The Prime Minister said that in the first quarter of 2017 the number of people working in the Hungarian automotive industry was more than 160,000, and Hungary has thus become one of Central Europe’s centres for the automotive industry, on its way to becoming one of the region’s automotive development centres and a front-runner in electric vehicles. He stated that new projects implemented in this field – such as the plant in Göd – mean that not only are cars being manufactured in Hungary, but that the cars of the future are also being envisioned, made and tested here.
Mr. Orbán said that at the beginning of the nineties, after the dismantling of socialism, the world opened up, overnight people gained wide access to the products of the market economy, and they could become familiar with new brands. It soon emerged, however, that in itself the market economy is no guarantee of quality, he said, but if something was made in South Korea, “we could be sure that we had a product of excellent quality”. He added that South Korea and its businesses have been symbols of quality and innovation ever since.
In his words, South Korea is an example for Hungary, demonstrating that with hard work, precision and creativity it is possible to penetrate the world market; the Asian country is “a breathtaking success story”, he said. South Korea and Samsung, he pointed out, are proof that the world economy is not a system in which the cards are dealt only out once, but one in which they are continually being redealt.
The Prime Minister stressed that some regions of the world are emerging, while others are losing some of their strength, but South Korea is one of those which are now dictating the pace. Central Europe, he remarked, is also “among the rising, emerging regions”.
He said that it is also important that, while it has also learnt from others, South Korea has always pursued its own path. The country is one of Hungary’s important trade partners, he added.
Mr. Orbán said that over the past few decades South Korea has produced a miracle, and that “in Göd this miracle is here today once again”. With this project, the future of those living here is guaranteed, he stated, adding that many countries “would have been happy to host this project”, but Samsung insisted on Göd, and the town itself is committed to the company. In consequence, the Government also decided to support the project, with which “the future is moving into Göd”, he said.
The Prime Minister pointed out that by 2019 the number of electric charging points in the country will number 3,500–4,000, and by 2020 63,000 electric vehicles will be travelling on Hungarian roads, of which 54,000 will be passenger cars. The owners of electric cars are eligible for tax benefits, he said.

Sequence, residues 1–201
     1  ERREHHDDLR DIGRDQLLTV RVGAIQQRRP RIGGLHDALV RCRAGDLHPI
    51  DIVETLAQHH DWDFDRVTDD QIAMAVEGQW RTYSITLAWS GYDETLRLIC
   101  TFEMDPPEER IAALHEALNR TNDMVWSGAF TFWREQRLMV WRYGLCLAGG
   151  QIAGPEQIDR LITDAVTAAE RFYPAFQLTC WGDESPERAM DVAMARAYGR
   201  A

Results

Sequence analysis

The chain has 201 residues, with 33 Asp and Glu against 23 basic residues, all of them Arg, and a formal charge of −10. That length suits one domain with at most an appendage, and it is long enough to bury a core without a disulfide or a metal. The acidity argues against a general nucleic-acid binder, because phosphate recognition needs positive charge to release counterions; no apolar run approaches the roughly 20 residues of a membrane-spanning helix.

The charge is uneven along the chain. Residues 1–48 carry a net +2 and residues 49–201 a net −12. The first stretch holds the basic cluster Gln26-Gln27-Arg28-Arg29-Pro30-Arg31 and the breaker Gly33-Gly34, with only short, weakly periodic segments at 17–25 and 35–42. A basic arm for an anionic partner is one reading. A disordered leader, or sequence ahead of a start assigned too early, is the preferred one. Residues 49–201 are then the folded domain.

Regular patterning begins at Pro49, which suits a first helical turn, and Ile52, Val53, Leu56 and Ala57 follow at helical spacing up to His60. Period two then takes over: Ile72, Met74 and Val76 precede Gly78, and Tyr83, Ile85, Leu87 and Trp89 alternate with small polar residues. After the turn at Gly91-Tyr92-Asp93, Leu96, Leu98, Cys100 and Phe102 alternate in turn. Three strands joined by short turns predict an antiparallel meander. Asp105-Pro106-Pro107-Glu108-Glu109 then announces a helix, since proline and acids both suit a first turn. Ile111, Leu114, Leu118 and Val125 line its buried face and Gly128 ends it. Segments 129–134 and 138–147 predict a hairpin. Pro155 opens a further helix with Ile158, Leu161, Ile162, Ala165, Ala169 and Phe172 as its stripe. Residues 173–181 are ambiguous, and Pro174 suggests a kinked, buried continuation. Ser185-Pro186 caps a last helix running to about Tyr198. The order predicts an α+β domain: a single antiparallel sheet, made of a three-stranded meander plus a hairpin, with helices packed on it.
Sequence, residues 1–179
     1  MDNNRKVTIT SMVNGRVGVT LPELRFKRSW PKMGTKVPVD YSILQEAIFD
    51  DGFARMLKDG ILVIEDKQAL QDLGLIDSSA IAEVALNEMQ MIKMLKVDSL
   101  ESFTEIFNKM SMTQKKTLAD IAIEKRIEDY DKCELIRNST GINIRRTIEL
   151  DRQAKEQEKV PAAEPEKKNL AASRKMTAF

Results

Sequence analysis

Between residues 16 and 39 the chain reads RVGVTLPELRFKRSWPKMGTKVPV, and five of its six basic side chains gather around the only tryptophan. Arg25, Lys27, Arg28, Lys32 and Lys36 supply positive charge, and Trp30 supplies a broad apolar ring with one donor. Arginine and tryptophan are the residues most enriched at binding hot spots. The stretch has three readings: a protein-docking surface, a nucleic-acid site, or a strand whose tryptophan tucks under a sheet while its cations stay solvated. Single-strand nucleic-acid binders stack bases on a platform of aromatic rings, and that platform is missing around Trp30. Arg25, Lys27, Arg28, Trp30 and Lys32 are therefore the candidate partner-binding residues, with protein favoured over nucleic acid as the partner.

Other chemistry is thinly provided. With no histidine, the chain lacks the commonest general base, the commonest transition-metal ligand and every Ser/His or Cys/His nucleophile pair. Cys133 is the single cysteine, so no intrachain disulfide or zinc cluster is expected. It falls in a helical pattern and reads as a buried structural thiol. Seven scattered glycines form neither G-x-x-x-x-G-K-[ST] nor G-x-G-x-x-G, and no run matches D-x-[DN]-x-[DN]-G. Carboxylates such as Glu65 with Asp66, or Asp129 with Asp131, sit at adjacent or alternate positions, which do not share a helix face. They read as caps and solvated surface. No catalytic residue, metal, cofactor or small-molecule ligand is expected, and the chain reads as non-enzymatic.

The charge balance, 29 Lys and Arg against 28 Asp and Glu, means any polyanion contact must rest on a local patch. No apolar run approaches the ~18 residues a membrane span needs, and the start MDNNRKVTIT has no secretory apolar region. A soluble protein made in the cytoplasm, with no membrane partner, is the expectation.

He stressed that both Hungary and Göd will benefit from the factory, as people will get jobs, businesses will get orders, Samsung will pay the lowest taxes in Europe, and it will have access to a highly-trained, creative labour market in a country striving to be at the forefront of research and development. This is a mutually advantageous arrangement, Mr. Orbán said.
Jun Young-Hyun, Chief Executive Officer of Samsung SDI, said that the market in electric cars is on the threshold of dramatic worldwide growth, and demand for the batteries manufactured here will increase significantly. The latest cutting-edge technology will be used here, which can contribute to major growth in the European electric automotive industry, he said. He also thanked the state and the town for their ongoing support, which has continued from announcement of the project last summer to the opening of the plant.
Bence Tuzson, Minister of State for Government Communication and the local Member of Parliament, said that the fact that this factory was built here means that the management of Samsung have faith in the Hungarian people, in the local people and in their work. He added that the Government has provided a great deal of support for Göd, which has been given HUF 2 billion for infrastructure developments.
Last August Minister of Foreign Affairs and Trade Péter Szijjártó announced that Samsung intended to start the production in Göd of batteries designed for electric cars targeting the European market, and that 600 new jobs would be created as part of the 100 billion forint project. The Minister noted that Hungary was selected for the project after keen competition at regional level, that significant infrastructure developments have been taken on, and that the Göd plant will contribute to reducing Samsung’s tax burdens.
Samsung SDI Magyarország Zrt., which in 2012 had revenue of HUF 76 billion, closed its earlier 322,000 square metre plant Göd in 2014. This was after a significant decline in demand for plasma screens, due to the technology’s high electricity consumption. Samsung’s current project in Göd has been spurred by the fact that all European car manufacturers are dynamically developing their production